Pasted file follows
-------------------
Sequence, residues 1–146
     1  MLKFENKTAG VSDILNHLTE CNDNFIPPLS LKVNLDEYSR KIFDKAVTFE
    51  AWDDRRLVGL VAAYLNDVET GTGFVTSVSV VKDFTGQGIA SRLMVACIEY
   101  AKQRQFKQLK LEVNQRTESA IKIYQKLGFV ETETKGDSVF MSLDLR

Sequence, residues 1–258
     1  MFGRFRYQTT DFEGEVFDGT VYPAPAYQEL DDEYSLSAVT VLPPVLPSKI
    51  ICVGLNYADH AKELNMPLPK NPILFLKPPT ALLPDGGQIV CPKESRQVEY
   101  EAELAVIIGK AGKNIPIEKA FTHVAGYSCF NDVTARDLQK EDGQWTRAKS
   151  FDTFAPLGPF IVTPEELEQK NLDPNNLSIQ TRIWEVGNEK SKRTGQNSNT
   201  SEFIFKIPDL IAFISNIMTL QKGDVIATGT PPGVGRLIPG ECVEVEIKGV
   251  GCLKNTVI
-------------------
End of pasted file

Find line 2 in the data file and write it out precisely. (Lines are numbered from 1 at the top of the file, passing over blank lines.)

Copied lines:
     1  MLKFENKTAG VSDILNHLTE CNDNFIPPLS LKVNLDEYSR KIFDKAVTFE